The presence of specific autoantibodies in the blood of patients treated with Covid-19, is closely linked to the risk of getting seriously ill, according to a new US scientific study. Autoantibodies in the body are proteins that, instead of defending themselves against bacteria and viruses, attack the patient's own cells and molecules.
A new simple blood test could help predict which people, when admitted to hospital, are more likely to have a serious Covid-19 and intubation. It could also show in advance who is sick with Covid-19, before reaching the point of admission to hospital, he needs closer monitoring, because he is more at risk of deteriorating his health in a few days. Although such an autoantibody test marker "catches" only a percentage of those who eventually become seriously ill, according to scientists, it would still be a useful help.
Researchers from New York University School of Medicine and Langone Health Medical Center, including Kimon Argyropoulos of Greek descent, studied 115 patients. Covid-19 in the hospital (half with severe Covid-19, while the other half with lighter) and published in the journal Life Science Alliance, detected autoantibodies in more than a third (36%) of patients. Particularly a type of autoantibody that binds to DNA or certain lipids in the body, is often almost double (increased by 86% and 93% respectively) at the beginning of coronavirus infection in those whose health deteriorates rapidly, relative to with those who are less seriously ill.
Patients with elevated levels of autoantibodies are five to seven times more likely to develop severe Covid-19, compared to those who do not have elevated autoantibodies after coronavirus infection. The former are more at risk of needing ICU and intubation, while the latter can breathe on their own and recover faster.
"Although further research is needed, our findings already show that a test to detect antibodies to DNA and a lipid (phosphatidyIserine) can help identify those patients with Covid-19 "who are admitted to the hospital and who are more at risk of needing an intensive care unit and closer monitoring," said researcher Dr. Marizol Zuniga.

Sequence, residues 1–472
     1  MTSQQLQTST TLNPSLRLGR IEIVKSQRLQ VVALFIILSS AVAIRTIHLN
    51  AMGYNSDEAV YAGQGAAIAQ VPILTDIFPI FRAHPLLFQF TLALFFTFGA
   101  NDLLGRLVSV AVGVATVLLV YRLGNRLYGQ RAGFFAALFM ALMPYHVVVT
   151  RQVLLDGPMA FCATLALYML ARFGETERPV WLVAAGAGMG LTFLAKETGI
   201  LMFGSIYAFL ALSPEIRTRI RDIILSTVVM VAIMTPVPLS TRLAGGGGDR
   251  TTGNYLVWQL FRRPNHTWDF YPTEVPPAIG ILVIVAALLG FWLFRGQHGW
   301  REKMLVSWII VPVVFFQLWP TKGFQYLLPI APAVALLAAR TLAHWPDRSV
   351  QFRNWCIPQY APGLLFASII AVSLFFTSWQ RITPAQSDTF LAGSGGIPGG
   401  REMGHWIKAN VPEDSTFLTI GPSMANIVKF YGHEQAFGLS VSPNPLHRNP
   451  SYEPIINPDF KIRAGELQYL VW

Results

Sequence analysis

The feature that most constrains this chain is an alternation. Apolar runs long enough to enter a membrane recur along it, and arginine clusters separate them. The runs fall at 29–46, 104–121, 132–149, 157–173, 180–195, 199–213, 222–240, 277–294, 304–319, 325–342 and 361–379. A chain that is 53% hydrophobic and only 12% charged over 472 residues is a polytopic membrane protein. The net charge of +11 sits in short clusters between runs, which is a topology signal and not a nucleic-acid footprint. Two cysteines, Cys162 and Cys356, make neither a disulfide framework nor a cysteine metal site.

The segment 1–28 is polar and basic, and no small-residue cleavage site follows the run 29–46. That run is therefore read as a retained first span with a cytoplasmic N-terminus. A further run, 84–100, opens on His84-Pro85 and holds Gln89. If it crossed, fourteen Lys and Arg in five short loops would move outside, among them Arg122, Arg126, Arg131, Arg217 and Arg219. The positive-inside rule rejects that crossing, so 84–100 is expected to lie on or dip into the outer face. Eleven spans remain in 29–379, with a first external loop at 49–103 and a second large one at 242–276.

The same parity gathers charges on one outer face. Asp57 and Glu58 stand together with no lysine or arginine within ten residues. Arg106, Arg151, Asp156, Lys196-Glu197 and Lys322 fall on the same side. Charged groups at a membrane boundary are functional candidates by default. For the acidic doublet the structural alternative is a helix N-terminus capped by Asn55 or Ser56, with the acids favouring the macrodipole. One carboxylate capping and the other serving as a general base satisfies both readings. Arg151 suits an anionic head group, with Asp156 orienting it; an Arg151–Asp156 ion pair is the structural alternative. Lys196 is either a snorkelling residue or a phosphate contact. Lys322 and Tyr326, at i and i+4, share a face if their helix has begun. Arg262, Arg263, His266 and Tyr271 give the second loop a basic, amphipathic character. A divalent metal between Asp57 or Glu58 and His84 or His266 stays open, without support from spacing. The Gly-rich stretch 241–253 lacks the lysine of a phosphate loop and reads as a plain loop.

Elevated levels of autoantibodies are also associated with an increased risk of blood clots and muscle tissue damage due to cell death, especially heart disease, complications that have been observed in the most severe cases. Covid-19. "Our observations show that in serious cases Covid-19 The production of autoimmune antibodies plays a key role in blood clotting and cell death. "Our study confirms that in this disease the wrong reaction of the immune system does more damage than the coronavirus infection itself", pointed out the professor of the Department of Microbiology 'Ana Rodriguez.
As he said, further experiments will be needed to determine whether autoantibodies are indeed the cause or consequence of thrombosis and cell death. If auto-antibodies are indeed "blamed," then new therapies will be sought that include antibody injections from healthy donors to reduce the level of self-destructive autoantibodies. Alternatively, biodegradable antigens that bind to and neutralize autoimmune antibodies may be tested.